The BLH&MS Collection Policy sets out the conditions for acquiring items for the Society’s collection.

When Birtchnell’s gentlemen’s outfitters closed down, the Society was grateful to receive from Bob Clark a number of items from Percy Birtchnell’s local history collection. Les Mitchell identified the locations shown in an extensive collection of small and large photographs. Also included were books and documents, clothes and artefacts.

One set of pictures was mounted on a display board, entitled ‘The Beating of the Bounds of Great Berkhamsted Rural, July 15 & 17, 1903′.

Beating Bounds at Thunderdell Lodge

Beating the bounds at
Thunderdell Lodge

Beating the Bounds, remembered by Sydney Chappell…
“I believe the last occasion on which the bounds of the Parish were beaten was during my time as a Bourne scholar, in 1905 or thereabouts. On the second day of the event, the boy scholars were invited to be present. So we twenty boys with about the same number of local dignitaries assembled in Shooters Way at the top of Gallows Lane. We were all issued with a six foot osier wand with which to do the beating. Also a bunch of narrow ribbons, light blue, yellow and black, the colours of Berkhamsted, to pin to our caps. I still have my bunch of ribbons but they are now very bedraggled.

We started off down the lane to the bottom and turned left across the fields to Soldiers Bottom. Then through the Hockeridge Woods on to the Chesham Road. After a short rest for refreshments (ginger beer for the boys, something a bit stronger for the men) and pork pies, we crossed onto Haresfoot Park and up to the Haresfoot house.

Anyone accosted on the route was forced to run the gauntlet, which meant running through a double row of the assembly, who used their wands to hurry him or her on. At Haresfoot Park the elderly Lady Smith-Dorrien, graciously came out on to the lawn and walked between the double row with wands forming an arch.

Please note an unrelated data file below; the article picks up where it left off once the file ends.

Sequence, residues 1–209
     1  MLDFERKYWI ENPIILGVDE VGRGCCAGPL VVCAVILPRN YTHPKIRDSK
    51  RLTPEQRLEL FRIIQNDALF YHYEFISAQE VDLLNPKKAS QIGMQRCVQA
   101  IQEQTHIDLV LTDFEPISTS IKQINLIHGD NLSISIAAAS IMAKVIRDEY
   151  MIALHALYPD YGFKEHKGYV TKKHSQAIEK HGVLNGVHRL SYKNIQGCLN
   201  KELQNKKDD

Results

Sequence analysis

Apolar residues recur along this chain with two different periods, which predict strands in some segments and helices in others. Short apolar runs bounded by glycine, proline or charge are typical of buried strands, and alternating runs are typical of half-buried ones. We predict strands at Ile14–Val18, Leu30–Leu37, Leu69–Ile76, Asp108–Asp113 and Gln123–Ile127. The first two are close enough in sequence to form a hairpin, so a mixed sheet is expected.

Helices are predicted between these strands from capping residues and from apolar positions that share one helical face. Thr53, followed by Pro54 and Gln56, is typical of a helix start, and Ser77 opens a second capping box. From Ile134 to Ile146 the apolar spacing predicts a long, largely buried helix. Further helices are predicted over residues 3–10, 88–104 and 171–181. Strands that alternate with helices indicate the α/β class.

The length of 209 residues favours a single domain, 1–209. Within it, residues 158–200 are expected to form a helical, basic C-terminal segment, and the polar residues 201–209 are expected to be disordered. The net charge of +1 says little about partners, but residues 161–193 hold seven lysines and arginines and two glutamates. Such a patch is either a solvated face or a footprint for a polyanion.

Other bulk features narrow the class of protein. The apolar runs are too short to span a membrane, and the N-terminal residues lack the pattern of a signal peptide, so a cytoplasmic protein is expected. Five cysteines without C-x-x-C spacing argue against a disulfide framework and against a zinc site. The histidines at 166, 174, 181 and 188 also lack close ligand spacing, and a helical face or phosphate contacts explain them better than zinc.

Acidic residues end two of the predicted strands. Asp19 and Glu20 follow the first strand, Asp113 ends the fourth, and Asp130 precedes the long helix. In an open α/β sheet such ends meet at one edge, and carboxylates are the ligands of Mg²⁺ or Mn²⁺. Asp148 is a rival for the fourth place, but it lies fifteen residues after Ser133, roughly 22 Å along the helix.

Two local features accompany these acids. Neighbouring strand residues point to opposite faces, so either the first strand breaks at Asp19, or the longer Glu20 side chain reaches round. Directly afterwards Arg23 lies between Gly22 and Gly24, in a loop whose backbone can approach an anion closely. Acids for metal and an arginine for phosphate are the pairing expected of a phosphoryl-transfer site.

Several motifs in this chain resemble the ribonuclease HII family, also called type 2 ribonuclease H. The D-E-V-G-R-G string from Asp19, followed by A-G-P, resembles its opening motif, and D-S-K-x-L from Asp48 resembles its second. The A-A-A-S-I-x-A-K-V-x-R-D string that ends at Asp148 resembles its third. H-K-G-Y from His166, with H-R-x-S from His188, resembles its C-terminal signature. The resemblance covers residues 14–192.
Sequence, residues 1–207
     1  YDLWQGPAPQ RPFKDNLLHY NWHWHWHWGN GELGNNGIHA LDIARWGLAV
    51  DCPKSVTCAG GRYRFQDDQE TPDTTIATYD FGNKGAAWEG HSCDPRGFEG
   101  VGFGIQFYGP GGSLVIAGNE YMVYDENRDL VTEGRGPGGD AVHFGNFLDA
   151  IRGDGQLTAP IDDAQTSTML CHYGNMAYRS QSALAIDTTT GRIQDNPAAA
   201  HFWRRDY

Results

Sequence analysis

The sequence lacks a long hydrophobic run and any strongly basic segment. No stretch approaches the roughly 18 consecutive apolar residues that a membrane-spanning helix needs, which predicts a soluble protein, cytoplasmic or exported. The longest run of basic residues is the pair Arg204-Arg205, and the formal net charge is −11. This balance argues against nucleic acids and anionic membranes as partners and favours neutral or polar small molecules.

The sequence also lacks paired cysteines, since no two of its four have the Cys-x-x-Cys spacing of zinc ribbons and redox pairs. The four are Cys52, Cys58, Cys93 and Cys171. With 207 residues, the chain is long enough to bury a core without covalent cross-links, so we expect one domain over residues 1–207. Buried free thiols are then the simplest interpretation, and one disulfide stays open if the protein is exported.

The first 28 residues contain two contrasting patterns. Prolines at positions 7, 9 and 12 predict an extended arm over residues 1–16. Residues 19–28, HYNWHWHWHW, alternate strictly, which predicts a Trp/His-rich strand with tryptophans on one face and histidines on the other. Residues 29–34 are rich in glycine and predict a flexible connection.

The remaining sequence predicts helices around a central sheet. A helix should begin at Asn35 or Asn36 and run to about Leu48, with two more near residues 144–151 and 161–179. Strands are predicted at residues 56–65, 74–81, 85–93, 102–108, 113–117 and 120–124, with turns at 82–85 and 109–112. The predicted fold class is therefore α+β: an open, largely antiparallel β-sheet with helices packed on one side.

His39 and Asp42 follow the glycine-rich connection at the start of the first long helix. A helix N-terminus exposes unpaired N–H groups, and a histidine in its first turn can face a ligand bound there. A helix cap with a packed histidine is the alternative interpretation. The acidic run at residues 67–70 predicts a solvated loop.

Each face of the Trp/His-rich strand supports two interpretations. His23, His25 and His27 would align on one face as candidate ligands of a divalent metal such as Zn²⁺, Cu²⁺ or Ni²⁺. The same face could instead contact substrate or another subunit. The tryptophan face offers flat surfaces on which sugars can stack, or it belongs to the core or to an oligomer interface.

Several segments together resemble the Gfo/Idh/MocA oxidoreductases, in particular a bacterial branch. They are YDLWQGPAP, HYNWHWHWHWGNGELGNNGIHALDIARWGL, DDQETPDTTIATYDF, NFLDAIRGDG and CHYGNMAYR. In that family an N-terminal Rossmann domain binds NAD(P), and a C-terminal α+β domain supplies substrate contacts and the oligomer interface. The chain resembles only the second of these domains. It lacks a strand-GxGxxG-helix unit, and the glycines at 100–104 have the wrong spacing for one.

The house was apparently built right on the boundary so one of the company had to walk through it as near as possible over the boundary.

From then on we continued through the park to Brickhill Green, where after disposing of the remainder of the refreshments, we dismissed.”
(Berkhamsted Review, Nov 1990).

Acquisitions of BLH&MS in the last few years:

  • Minute book of the Berkhamsted Dramatic Club,1866-1914 which has a wealth of social and historical information
  • Mrs Beeton’s Everyday Cookery (given as a prize to a Berkhamsted resident)
  • Set of 3 wine bottles from New Frithsden Vineyard
  • Survey chain and level
  • Polaroid land camera
  • Straw splitter, used in the plaiting / hat making industry
Straw splitter: straw was pushed through the hole with the desired number of segments. Finished plait was sold in markets and sent to the Luton hat makers

Straw splitter: straw was pushed through the hole with the desired number of segments. Finished plait was sold in markets and sent to the Luton hat makers

  • Booklet: “Fair Neville’s Woe” by Cicely York
  • Indenture and attachments for the Bell Public House
  • Bottles and boxes from Dickmans Chemist
  • Book of Coopers press cuttings and testimonials
  • Fees, ledger and photos of Town Hall from Betty Pitkin
  • Wicker basket from Corby, Palmer & Stewart from Mrs Betty Sage
  • Singer sewing machine originally from Corby, Palmer & Stewart
  • Legal documents from Metcalfe undertakers
  • From Mrs Beningfield – two shepherd’s crooks, two sheep’s bells, one lamp and a seed broadcaster
  • From Bernard Wilding – the address by the people of Berkhamsted to Louis XVIII and his reply, from 1814
  • Purchase at auction of Jack Merriott carriage print of Berkhamsted
  • Pictures and books from Polly Rafter’s collection
  • Wrought iron stove from J. Wood & Sons